I will base my assessment of knowledge work processes on the Framework for Knowledge Work Analysis developed by Lilia Efimova (Efimova, 2004). It has to be noted that Efimova's work is based on a study of knowledge workers who use weblogs; it is therefore natural that her analysis returns especially those knowledge processes that become visible through weblogging and it may be possible that it overlooks other processes that are not supported by weblogs. However as her work is firmly grounded in literature and in my opinion gives an encompassing view of knowledge work, I believe it is completely suitable as the base of this analysis. See (Pollard, 2004) for a different but resembling view of "knowledge activities".
Figure 2: Framework for Knowledge Work Analysis (Efimova, 2004)
From this framework the following processes can be identified:
|Knowledge Work Processes|
|Finding (codified) Information|
|Organising Personal Information (PIM)|
|Making Sense of Information|
|"Creating" new ideas|
|Establishing and maintaining a personal network|
|Collaborating in Communities|
Knowledge work processes are interrelated and often cannot be separated: Finding a piece of information and putting it into context might start off another search for more information. In a conversation with a colleague, a knowledge worker might ask for the location of codified information, negotiate the meaning of a concept and have a new idea at the same time, all while maintaining the personal relationship.
If we look at the tools that knowledge workers are provided with today, we can see that few tools exist that account for this interrelatedness of processes. Document management systems only help in finding information. Using information, sharing it, making meaning of it and discussing it is done elsewhere. Cognitive Tools, such as mindmapping software, other visualisation tools or personal information management tools are designed for the solitary worker and are not addressing the social context of knowledge creation (Haller, 2002, Efimova 2004). Still, one tool has become the dominant support for knowledge work: The email client.
The Email Client as a Knowledge Work Tool
Today, the email client arguably has become the most intensively used knowledge work tool. It is being used for a multitude of different processes that have stretched far from "simple message transfer" ("SMTP", the most widely used protocol for sending emails, stands for "Simple Message Transfer Protocol") and range from storing documents and contact information, to filing bookmarks, literature references and contact information to managing tasks and reminders (Venolia et al., 2001).
"Email is often described as "the killer application of the Internet". Based on our research, we think it is possible to be even more emphatic; email is a serial-killer application! It is seriously overloaded and has been co-opted to manage a variety of tasks that it was not originally meant to support." (Ducheneaut & Bellotti, 2001)The reason for this is email's embeddedness in communicative processes:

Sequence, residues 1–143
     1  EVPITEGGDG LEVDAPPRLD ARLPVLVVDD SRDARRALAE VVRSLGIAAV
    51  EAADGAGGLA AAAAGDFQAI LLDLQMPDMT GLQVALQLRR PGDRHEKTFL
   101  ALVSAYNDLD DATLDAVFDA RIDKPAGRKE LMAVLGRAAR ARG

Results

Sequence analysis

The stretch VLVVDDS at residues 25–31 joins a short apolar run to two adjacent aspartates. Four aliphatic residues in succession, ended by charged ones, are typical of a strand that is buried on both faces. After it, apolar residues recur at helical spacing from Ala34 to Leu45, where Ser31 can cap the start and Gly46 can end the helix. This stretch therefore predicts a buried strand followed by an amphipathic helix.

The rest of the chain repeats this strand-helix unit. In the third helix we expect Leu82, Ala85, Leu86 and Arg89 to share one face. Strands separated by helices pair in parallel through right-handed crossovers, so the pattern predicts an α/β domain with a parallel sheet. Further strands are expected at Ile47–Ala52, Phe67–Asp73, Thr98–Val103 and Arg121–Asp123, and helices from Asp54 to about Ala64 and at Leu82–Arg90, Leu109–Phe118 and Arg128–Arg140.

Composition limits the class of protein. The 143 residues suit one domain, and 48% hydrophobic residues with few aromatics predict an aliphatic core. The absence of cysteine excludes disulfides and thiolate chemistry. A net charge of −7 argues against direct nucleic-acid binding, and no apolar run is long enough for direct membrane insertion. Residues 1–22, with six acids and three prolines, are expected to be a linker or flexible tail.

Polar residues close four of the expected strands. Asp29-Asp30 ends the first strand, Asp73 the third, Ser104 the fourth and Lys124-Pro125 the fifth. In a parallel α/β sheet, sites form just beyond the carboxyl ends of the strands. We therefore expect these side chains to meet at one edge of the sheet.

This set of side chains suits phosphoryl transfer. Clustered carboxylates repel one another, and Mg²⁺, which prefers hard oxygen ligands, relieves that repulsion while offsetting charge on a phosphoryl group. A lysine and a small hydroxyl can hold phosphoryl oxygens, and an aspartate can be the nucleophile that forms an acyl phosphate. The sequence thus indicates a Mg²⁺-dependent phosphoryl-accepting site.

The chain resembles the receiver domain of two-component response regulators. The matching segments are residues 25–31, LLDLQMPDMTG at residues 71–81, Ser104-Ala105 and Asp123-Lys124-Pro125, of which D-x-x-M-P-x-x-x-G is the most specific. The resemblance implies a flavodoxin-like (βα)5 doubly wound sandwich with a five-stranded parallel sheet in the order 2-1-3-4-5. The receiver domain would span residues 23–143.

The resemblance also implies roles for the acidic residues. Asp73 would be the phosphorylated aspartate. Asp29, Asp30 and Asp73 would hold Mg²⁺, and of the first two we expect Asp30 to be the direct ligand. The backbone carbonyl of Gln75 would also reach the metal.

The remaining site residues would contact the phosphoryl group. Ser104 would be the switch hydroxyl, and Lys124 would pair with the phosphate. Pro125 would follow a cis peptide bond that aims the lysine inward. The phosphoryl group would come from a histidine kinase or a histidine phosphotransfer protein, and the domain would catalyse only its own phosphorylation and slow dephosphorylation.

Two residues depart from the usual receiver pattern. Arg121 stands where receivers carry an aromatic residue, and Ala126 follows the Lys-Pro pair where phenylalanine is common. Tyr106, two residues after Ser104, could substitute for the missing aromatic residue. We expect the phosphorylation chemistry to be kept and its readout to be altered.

"Communication is a central part of organized work. Consequently, as email captures an increasing share of an organization’s total communication volume, individuals progressively appropriate their email client as a habitat in which they spend most of their workday." (ibid.)
A recent study (Swaak et al., 2004) also reaffirms the importance of email and gives another interesting perspective: When "searching for knowledge" (Swaak et al. use this term to mean "searching for information and for people within an organisation in order to obtain knowledge"), the knowledge workers who were subject to the study would rather ask colleagues, search their mailbox, their personal paper archives and their local disk than use document management systems.
Besides reaffirming the importance of communication this indicates that there is another component to the issue of which tool knowledge workers chose to support their work: They prefer to user personal tools, that is: Tools that they can control and customize to their own needs.
In my view, email has two characteristics that are its success factors for becoming a "serial killer app":
Analysing email as a central tool for knowledge workers today and asking the question of how it can be improved leads to two different conclusions:
What can be learned from analysing email is that knowledge work tools must support communicative processes and must be personal and personalisable.
Weblogs are personal journals published on the World Wide Web or an Intranet. Technically they are very simple content management systems: They enable individuals to publish text and images in a very easy way. Every entry receives a permanent URI through which it can be addressed later, and is archived in a searchable repository.
Through RSS, an XML-based format which is used to aggregate streams ("feeds") of continuously updated content, it is easy for readers to follow the stream of published information. (Richards, 2004)
Interaction between weblog-writers and -readers is made possible through "commenting": Readers can attach comments to individual entries which appear on the weblog visible for the author and other readers.
Knowledge workers use weblogs to capture and annotate information, to document current thoughts, to reflect and to converse with others. This way, some of their "hidden" processes become visible again.